A marketing scheme that is the pits!

I don’t like being snookered. Yet that is exactly what I feel happened to me when I visited an Acme Markets store a couple of weeks ago.

When I walked in the store there was a big shipper of California apricots with a large yellow sign stating “Apricots $2.97 lb.” which I had to admit was a pretty good price. Unlike most apricots, which are arranged in cushioned plastic trays to reduce bruising these were merchandised in plastic bags direct from the grower. The bags seemed to protect the fruit. I picked up and looked at four bags and found one where all of the apricots looked to be in perfect condition.

My problem arose when I got home and checked my receipt. It turns out I was charged $5.97. My little bag of apricots weighed a whopping two pounds! With that big yellow “$2.97” sign and all of the bags looking exactly the same it never occurred to me that this was a random weight product. Since these apricots were in a bag from the shipper, much like grapes, cherries and other produce items are being shipped nowadays the consumer really didn’t have the opportunity to maybe take four or five out of the bag to purchase a pound.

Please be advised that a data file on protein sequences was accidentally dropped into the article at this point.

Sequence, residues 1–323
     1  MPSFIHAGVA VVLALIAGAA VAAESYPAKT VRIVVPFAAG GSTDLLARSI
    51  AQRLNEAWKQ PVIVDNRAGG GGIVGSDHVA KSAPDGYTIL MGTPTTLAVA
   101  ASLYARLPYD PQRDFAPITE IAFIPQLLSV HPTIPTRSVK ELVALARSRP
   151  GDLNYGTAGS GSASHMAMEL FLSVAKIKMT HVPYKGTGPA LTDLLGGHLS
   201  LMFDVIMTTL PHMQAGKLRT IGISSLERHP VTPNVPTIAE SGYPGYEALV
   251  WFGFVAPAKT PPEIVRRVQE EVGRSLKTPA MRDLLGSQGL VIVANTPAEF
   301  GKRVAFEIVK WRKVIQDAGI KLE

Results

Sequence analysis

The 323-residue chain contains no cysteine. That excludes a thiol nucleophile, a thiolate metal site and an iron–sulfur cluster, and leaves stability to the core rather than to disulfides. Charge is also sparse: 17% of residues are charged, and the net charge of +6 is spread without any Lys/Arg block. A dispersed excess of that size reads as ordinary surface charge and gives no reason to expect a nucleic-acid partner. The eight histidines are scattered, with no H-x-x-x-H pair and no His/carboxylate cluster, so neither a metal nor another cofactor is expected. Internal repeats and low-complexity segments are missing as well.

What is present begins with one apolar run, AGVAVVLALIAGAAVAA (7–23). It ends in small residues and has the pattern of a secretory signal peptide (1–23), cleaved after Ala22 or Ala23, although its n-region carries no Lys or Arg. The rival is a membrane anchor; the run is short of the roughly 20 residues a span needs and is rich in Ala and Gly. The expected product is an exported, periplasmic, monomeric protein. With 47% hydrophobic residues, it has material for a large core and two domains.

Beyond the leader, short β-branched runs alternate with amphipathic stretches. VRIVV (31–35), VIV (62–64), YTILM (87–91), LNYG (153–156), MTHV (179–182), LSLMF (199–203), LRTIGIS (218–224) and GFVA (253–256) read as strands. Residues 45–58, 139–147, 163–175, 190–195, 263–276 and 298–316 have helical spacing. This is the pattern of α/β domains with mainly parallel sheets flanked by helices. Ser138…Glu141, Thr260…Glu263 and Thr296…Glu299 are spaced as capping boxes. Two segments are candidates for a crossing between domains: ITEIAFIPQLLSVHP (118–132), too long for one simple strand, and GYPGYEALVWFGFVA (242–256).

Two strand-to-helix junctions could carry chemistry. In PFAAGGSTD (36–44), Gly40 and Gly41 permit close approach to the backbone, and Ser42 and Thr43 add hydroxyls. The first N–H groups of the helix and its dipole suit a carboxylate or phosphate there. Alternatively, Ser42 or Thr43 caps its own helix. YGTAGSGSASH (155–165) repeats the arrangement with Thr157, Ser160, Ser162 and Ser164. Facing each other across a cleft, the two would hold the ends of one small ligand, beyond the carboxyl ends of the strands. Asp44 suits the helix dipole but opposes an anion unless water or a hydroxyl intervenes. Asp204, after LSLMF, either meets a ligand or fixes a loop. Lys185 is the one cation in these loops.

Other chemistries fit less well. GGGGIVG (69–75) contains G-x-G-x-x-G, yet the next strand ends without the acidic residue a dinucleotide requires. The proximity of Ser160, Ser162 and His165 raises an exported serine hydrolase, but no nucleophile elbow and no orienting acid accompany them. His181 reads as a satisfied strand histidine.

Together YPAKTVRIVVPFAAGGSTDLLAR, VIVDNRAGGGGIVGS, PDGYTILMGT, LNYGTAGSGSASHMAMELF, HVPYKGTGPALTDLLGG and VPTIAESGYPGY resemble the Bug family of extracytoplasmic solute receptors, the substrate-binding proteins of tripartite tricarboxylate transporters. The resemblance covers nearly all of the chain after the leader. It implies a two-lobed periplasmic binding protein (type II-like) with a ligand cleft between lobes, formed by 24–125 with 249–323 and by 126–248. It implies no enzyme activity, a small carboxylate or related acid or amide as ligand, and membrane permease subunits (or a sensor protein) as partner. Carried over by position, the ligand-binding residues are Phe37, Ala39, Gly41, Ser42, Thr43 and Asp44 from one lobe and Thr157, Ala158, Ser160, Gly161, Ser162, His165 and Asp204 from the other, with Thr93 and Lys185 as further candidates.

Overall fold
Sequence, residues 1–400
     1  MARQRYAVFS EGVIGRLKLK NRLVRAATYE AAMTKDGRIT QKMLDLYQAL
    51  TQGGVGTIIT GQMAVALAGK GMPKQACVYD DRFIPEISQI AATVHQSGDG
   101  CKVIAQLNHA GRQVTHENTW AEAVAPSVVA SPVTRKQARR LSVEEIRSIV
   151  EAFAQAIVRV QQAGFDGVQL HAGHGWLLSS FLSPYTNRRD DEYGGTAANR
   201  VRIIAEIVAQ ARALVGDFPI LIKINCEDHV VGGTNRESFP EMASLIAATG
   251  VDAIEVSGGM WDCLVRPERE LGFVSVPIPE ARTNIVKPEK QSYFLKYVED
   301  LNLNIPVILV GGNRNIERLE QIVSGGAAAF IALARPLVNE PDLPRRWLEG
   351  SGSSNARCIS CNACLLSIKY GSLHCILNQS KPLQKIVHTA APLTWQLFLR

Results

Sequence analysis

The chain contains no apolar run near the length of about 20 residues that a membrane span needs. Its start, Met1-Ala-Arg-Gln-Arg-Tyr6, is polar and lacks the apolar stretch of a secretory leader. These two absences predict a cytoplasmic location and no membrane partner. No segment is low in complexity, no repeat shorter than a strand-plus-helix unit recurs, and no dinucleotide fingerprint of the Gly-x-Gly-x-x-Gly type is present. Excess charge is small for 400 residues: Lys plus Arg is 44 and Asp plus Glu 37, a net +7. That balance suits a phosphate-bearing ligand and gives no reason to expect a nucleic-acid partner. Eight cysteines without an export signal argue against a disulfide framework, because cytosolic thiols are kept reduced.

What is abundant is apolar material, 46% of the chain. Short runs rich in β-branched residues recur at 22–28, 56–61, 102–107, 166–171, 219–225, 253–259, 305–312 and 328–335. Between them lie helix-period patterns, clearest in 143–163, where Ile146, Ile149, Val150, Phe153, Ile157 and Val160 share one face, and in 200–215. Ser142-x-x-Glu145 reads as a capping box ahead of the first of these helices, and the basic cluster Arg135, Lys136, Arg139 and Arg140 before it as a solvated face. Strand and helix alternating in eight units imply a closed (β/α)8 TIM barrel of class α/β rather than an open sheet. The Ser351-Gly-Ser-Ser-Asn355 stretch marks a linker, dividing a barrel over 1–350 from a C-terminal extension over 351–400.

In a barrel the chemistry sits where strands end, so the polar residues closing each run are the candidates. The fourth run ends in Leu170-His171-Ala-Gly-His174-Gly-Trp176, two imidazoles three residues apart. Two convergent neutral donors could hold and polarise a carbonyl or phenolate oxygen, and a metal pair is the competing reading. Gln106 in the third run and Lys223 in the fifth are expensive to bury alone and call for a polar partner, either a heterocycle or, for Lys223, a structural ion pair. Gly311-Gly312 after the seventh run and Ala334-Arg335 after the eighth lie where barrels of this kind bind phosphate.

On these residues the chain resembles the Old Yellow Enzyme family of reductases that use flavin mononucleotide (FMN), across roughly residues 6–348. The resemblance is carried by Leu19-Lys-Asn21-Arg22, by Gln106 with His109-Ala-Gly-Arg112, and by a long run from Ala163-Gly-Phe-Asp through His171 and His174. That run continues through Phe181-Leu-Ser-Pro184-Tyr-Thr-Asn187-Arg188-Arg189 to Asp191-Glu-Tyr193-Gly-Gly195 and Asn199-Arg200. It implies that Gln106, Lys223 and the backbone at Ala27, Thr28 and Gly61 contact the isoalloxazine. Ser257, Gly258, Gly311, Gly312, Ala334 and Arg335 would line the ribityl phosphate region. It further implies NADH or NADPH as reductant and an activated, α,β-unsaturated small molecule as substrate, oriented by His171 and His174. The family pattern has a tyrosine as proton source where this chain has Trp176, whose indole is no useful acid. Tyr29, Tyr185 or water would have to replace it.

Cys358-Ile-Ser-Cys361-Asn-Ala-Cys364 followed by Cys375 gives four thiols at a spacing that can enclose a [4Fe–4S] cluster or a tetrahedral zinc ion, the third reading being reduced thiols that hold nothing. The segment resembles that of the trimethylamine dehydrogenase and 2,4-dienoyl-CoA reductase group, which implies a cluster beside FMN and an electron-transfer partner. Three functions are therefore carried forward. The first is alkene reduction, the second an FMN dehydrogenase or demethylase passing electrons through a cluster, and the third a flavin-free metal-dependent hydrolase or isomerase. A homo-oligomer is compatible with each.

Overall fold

I think that is a marketing faux paus that should have been better clarified by the store. Perhaps the sign should have read “Apricots, $2.97 lb., Two Pound Average” or just change the sign to read “Apricots $5.97 a bag.”

Incidentally, I used to love shopping in Acme but stopped several years ago when my local store was shut down. One reason I went into this store was because I always had a fondness for Acme Classic Iced Tea Mix. I remember years ago at the PLMA convention an official with manufacturer 4C telling me that the Acme Classic was a special recipe unique to Acme stores. The other Acme Iced Tea Mix brand they stocked was the same formula that 4C used for its other private label customers, I was told.

I know Acme has been through several ownership and management changes in recent years but I was disappointed to find out that they no longer offer any Acme brand iced tea mix. The whole line has been replaced with Essential Everyday. While Essential Everyday is an excellent product, I feel Supervalu should have kept a few unique Acme branded products, such as the iced tea mix, that the chain’s customers had come to love over generations. I think they missed out on an excellent marketing opportunity.

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